Sharing the Common Wealth showcases objects, artifacts, documents, structures and buildings from the collections of PHMC.

The Reverend Darius S. Steadman (1831–1907), born in Columbus, Warren County, along U.S. Route 6 in Pennsylvania’s Northern Tier, was licensed to preach in 1857. He served congregations in Clarion County before being commissioned, on October 7, 1861, a captain and chaplain of the 105th Pennsylvania Volunteer Infantry (PVI) known as the Wild Cat Regiment. The unit was raised in Jefferson, Clarion and Clearfield Counties to fight in the American Civil War.

During Steadman’s brief stint in the military the 105th PVI participated in the Battle of Williamsburg fought on May 5, 1862, and the Battle of Fair Oaks (or the Battle of Seven Pines) on May 31 and June 1, 1862. Both engagements were part of the Peninsula Campaign, a significant Union operation launched in southeastern Virginia from March through July 1862.

At the Battle of Williamsburg Steadman captured an Alabama colonel and confiscated his wallet, which is now in the collections of Drake Well Museum and Park, Titusville, Venango County. In addition to the wallet, the Darius S. Steadman Collection at the museum – administered by the Pennsylvania Historical and Museum Commission (PHMC) in partnership with the Friends of Drake Well as a destination along the Pennsylvania Trails of History – includes his commission, a brief family genealogy, correspondence, a portrait of him, his wife and their daughters and a frying pan he used during the Peninsula Campaign. Steadman continued using the frying pan after mustering out of service.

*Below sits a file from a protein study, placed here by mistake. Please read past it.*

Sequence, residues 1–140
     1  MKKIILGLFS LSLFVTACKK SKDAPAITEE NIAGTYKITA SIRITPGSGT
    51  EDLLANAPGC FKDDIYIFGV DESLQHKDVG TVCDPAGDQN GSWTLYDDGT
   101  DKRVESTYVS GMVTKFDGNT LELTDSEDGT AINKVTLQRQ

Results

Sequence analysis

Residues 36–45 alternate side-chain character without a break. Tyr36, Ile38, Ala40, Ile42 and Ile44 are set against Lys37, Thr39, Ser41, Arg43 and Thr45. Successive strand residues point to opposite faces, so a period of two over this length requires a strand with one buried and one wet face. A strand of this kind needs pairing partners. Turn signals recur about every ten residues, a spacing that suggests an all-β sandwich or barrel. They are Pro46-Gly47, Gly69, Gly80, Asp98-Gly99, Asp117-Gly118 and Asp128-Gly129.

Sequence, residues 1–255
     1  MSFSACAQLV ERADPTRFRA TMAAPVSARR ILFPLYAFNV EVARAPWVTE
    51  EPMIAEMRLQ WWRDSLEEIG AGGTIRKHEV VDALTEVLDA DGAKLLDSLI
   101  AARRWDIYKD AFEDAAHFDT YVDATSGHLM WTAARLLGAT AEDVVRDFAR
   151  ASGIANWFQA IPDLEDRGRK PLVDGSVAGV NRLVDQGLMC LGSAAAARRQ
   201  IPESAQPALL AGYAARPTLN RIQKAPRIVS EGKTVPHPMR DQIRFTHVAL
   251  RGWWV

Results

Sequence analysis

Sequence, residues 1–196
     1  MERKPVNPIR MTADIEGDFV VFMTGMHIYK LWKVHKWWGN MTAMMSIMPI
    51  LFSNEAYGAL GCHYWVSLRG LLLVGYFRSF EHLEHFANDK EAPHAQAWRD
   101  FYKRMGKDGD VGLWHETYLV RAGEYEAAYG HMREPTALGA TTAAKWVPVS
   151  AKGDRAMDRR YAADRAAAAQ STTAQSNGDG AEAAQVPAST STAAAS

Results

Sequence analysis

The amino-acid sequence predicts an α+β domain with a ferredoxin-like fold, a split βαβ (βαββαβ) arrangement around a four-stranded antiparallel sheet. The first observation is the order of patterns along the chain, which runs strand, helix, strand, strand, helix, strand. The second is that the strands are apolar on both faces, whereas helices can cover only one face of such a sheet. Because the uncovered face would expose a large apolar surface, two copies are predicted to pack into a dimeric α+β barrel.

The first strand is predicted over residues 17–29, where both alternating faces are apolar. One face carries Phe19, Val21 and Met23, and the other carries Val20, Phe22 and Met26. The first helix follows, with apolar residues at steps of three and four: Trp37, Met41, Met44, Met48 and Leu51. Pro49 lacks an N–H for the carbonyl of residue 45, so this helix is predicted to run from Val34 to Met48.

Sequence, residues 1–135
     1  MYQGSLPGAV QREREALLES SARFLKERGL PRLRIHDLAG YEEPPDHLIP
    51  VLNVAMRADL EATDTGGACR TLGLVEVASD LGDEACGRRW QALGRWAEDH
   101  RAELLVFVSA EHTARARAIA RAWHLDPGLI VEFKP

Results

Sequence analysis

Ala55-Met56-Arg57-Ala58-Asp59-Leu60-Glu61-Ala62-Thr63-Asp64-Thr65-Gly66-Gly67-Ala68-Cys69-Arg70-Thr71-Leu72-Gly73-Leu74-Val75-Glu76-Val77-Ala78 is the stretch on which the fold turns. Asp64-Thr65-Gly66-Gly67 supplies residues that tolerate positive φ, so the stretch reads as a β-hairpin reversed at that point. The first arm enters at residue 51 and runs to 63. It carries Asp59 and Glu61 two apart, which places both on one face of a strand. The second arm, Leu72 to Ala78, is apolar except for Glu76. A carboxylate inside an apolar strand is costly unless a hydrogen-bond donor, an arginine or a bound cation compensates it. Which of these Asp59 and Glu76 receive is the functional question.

Typhoid fever ravaged the unit and a very ill Captain Steadman resigned his commission shortly after the Battle of Fair Oaks on June 23, 1862. His convalescence lasted for months.

Upon his recovery the Erie Conference of the Methodist Episcopal Church appointed Steadman to serve at Forestville, N.Y., in 1863–1864, followed by an assignment in Plumer, Venango County. After realizing souls needed to be saved in the oil region’s boomtown of Pithole City – notorious for its saloons, brothels and taverns – he established a church there in July 1865. He raised funds by riding to Franklin, the Venango County seat, to turn in individuals selling liquor without a license for which he received a portion of the fines. Pithole City, now a ghost town, and the McClintock Well No. 1 are administered by PHMC.

Jon Sherman of Titusville, a Steadman descendent, donated the frying pan to Drake Well Museum and Park in 2001.